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Four things you must do before retiring

Posted on by from Desautels Faculty of Management at McGill University

Retirement is not an end but a beginning - an opportunity to experiment and explore, to engage in pursuits you value, and perhaps to reinvent your legacy. Rather than just slipping quietly into retirement, here's why you should create new opportunities towards the end of your career.

My research team and I interviewed 100 executives and managers who’d recently retired or were actively considering it, as well as HR professionals from 24 companies to explore the different paths to retirement today. We found four guiding principles to help navigate late-career journeys:

1. Prepare to go off-script

Few managers make a clear, irrevocable shift from full-time work to retirement. Careers end in many ways, from leaving when it feels right to becoming disillusioned with a company. 

The lesson here is that you might not have complete control over when and how your career ends, so be ready to improvise and adapt. No matter how well thought out your plan for retirement may be, there is a good chance things won’t turn out exactly as you’d imagined.

2. Find your own retirement metaphor

Find a metaphor to view retirement so that it feels right. Detox from work stress, liberation from the daily grind, downshifting from a demanding career. 

If you’re approaching this major life transition, take a moment to reflect on what it means to you. What images pop into your mind? What metaphor matches your dreams and desires? The idea is to better understand yourself, your perspectives on your work as well as life, who you want to be going forward, and all the new activities or identities open to you.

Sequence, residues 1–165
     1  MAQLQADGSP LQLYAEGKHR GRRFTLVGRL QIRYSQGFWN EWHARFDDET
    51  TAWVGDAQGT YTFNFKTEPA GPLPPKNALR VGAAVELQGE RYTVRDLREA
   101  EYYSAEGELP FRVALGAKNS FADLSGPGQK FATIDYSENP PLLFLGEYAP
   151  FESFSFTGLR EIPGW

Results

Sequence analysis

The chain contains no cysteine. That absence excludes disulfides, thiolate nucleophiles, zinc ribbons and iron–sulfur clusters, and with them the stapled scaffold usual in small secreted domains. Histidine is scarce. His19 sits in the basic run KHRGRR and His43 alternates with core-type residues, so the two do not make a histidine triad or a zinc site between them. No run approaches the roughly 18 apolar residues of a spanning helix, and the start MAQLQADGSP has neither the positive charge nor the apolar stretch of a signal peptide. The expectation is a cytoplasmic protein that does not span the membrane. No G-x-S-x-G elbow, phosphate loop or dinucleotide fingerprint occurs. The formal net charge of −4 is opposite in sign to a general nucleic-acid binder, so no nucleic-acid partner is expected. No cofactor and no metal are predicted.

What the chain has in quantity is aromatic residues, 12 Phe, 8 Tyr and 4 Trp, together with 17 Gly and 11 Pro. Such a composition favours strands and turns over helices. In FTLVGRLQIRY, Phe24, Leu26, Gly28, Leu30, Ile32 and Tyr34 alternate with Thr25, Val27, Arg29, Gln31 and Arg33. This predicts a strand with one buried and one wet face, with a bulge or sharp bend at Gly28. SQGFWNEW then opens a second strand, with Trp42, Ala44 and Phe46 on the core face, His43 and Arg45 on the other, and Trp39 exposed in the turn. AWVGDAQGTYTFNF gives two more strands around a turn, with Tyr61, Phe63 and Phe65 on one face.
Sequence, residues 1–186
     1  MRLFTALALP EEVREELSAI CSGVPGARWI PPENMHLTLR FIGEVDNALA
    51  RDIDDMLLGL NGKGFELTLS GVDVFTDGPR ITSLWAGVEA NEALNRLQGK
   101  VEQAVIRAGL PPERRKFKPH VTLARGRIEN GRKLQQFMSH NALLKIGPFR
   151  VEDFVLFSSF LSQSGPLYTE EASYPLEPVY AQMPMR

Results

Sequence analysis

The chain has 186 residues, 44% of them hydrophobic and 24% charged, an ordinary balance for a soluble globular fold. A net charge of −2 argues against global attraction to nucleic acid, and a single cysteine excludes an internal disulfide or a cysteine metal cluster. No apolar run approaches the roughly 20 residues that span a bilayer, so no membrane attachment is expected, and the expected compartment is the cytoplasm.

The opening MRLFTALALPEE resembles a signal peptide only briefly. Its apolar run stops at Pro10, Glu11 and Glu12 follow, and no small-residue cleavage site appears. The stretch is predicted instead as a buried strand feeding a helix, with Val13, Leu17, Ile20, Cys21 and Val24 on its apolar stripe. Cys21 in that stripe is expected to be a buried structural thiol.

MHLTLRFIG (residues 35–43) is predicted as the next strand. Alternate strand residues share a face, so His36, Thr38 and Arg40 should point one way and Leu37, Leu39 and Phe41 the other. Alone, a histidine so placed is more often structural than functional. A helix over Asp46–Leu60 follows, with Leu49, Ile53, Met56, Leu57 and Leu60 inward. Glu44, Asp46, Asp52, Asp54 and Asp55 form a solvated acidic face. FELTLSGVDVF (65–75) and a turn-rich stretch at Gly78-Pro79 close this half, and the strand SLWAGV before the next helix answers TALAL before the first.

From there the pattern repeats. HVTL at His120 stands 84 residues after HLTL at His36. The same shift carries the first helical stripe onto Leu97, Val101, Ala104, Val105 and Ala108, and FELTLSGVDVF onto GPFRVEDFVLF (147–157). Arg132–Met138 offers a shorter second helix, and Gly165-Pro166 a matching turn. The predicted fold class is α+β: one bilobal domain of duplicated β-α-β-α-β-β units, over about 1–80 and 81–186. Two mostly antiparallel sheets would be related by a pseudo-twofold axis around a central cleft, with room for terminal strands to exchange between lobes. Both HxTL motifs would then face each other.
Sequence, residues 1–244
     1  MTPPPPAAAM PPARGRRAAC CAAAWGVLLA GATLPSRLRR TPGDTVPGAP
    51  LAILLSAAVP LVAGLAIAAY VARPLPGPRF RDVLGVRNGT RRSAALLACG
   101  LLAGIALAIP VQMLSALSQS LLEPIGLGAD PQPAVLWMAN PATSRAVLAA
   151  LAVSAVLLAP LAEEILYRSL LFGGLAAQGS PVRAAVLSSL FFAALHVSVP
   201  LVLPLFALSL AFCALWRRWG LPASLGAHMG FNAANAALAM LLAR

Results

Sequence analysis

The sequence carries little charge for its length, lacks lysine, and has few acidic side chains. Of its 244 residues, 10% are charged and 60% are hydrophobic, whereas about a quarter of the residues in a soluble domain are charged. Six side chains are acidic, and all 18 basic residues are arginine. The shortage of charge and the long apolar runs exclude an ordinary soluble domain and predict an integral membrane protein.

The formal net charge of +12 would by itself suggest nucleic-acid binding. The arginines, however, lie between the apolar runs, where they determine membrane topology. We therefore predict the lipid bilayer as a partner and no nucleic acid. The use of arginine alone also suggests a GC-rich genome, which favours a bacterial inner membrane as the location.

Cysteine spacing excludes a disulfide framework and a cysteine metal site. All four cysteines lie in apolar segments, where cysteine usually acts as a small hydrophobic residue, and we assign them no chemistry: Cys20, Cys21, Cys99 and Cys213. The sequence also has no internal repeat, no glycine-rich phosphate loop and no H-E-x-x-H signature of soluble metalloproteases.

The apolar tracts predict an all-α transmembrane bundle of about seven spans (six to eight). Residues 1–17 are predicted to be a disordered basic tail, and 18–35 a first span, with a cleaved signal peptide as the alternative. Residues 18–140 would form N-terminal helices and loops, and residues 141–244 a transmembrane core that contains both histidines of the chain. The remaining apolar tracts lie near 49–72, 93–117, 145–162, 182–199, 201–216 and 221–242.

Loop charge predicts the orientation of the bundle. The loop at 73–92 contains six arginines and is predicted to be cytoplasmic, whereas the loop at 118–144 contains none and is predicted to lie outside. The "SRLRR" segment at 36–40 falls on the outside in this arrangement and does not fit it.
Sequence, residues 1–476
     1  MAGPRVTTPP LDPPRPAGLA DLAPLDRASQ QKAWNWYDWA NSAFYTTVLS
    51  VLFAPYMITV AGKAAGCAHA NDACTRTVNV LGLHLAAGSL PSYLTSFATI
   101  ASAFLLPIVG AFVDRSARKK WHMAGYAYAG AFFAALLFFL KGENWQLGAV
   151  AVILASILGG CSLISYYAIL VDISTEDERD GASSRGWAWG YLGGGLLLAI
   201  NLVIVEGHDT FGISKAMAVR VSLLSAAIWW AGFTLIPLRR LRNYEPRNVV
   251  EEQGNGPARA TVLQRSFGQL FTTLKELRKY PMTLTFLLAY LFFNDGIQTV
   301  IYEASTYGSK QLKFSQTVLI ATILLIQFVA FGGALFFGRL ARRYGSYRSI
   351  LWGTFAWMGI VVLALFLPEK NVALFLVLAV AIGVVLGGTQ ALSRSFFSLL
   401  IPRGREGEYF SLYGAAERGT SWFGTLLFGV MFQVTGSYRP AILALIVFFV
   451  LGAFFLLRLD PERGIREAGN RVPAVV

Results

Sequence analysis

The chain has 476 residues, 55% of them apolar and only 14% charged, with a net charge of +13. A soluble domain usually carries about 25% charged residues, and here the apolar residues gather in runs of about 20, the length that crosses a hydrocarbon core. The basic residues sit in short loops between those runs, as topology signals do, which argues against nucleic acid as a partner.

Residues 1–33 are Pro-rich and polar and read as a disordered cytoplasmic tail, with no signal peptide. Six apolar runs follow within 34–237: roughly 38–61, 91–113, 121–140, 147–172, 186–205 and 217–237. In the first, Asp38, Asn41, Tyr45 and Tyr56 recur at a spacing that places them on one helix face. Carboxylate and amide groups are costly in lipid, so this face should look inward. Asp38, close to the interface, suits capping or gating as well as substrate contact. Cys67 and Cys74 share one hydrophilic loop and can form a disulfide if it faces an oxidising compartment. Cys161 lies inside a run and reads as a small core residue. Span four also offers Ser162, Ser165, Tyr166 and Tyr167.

3. Create a new deal

Rather than completely retire, you could consider redesigning schedules or responsibilities, reducing hours while transferring knowledge and responsibility to successors, or arranging contract work. This could help you step back but stay engaged. 

It means you could keep contributing to the company, but concentrate more on the likes of family, health, or charity efforts. 

4. Make a difference

Make more than financial contributions to society, what philanthropic pursuits can you turn to? Leverage your knowledge, skill, and talent to make a difference in the communities or the world. 

Even if you’re tired of the specific work you’ve been doing, your leadership, teamwork, and project management know-how can be applied to a host of other activities.

Mary Dean Lee

By Mary Dean Lee

Mary is professor Emeritus, organisational behaviour and human resource management at the Desautels Faculty of Management, McGill University

Desautels Faculty of Management at McGill University

Desautels Faculty of Management at McGill University

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